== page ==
A small group of neighbours in a Balmain public housing estate have banded together to build on the legacy left by two Sisters of the Good Samaritan by bringing back to life an abandoned common room, which will once again be the focus of community-strengthening activities.
Sisters Mary Constable and Marie McMahon, both now deceased, first developed the common room for social activities back in the early 1990s, but as they grew older and less able to host gatherings, people almost forgot the room was there.
Today it has a new lease of life, thanks to a group of residents who have worked hard to revive the common room, through obtaining a New South Wales Government grant for its refurbishment.
Group coordinator Heather Pearce said she came across the common room when searching for a place for a local community choir to practice.
“I was searching for a rehearsal space in 2018 when someone mentioned the common room. I said, ‘What common room?’ I went and had a look, and it was run-down, but we were happy to do a clean-up. It had fabulous acoustics,” Heather said.
“When I asked who had the key, everyone told me, ‘You have to go and see the nuns.’ So that’s how I first met Mary and Marie and how we began our journey to restore the common room.”
Marie moved into the Balmain public housing estate in 1988 with two other Sisters and Mary arrived in 1991 as coordinator. The Sisters of the Good Samaritan had applied for them to live there after Mary had played a key role in having the public housing built in the area in the face of opposition from some Balmain residents.
In an interview with The Good Oil some years before they died, Mary and Marie said they saw their ministry in the neighbourhood as “a ministry of presence”.
“We’re just here being neighbour to everyone,” Mary said. Living simply, in their small unit they conducted much of their ministry at their dining room table, over a pot of tea and some cake or biscuits.
There was a steady stream of visitors to their door, including migrants seeking help with forms or bureaucracy, single mothers needing clothes or food for their children, or help with shopping for those who couldn’t get out.
They used the common room in the complex to hold activities for their neighbours, including bingo, film nights, Melbourne Cup luncheons and tai chi.
Heather, who said she too has a strong sense of fighting injustice, believed the common room could once again be a place of gathering for the local community.
“How can you just let that legacy go?” she said. “The day that Mary and Marie were leaving their unit to go to a nursing home, I went down there and Marie put the keys in my hand. She held my hand and said, ‘You look after it now Heather.’”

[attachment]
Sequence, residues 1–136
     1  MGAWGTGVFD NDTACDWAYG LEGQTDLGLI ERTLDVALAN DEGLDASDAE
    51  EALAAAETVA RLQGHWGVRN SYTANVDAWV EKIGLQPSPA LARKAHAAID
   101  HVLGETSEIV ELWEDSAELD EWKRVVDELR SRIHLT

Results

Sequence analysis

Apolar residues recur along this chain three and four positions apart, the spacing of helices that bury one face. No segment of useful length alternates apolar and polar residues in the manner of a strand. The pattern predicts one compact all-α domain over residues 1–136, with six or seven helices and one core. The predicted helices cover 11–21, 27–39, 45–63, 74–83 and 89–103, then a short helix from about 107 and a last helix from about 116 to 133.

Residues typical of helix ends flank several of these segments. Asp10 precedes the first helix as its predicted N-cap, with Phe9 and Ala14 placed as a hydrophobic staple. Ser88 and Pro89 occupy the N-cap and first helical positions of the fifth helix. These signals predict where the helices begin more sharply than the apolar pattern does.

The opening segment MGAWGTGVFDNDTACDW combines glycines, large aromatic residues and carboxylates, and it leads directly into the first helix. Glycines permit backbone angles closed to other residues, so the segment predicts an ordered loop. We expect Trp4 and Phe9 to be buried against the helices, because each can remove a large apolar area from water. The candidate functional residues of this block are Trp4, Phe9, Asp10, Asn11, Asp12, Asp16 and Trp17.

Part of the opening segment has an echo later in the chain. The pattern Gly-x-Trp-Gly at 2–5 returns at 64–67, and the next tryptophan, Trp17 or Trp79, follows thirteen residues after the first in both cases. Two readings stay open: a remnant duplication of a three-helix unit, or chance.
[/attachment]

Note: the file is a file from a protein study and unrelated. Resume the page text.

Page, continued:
Heather and her small executive applied for and received one of the NSW Government’s Community Building Partnership grants to refurbish the common room and bring it back to life. It has been painted and plumbing and electrical work has been undertaken. They had air-conditioning installed so that the room can be a place for residents to go for a rest if they don’t have heating or cooling in their unit.
“Yoga will be the first thing we’ll hold there and anyone can come along,” Heather said. “We’re looking at establishing a garden club where we can swap cuttings and seeds. We’ve also got a wonderful wall mural painted by members of our group supported by artist Kelly Wallwork and featuring Marie and Mary.
The Sisters of the Good Samaritan have honoured Mary and Marie’s legacy by supporting the residents in fitting out their revamped common room.
Sister Catherine McCahill, a member of the Sisters of the Good Samaritan Council, said that when Sisters Mary and Marie passed away, some of the funding they had received for their ministry passed to the Congregation.
“We wanted that money to be used for the people,” Catherine said.
“And thanks to a small group of the local residents working really hard together, the common room has now been transformed and is once again a great place for the community to gather. It’s a beautiful story of ordinary people doing good for their community and we were very happy to support it.”
This article was published in the December 2021 edition of The Good Oil.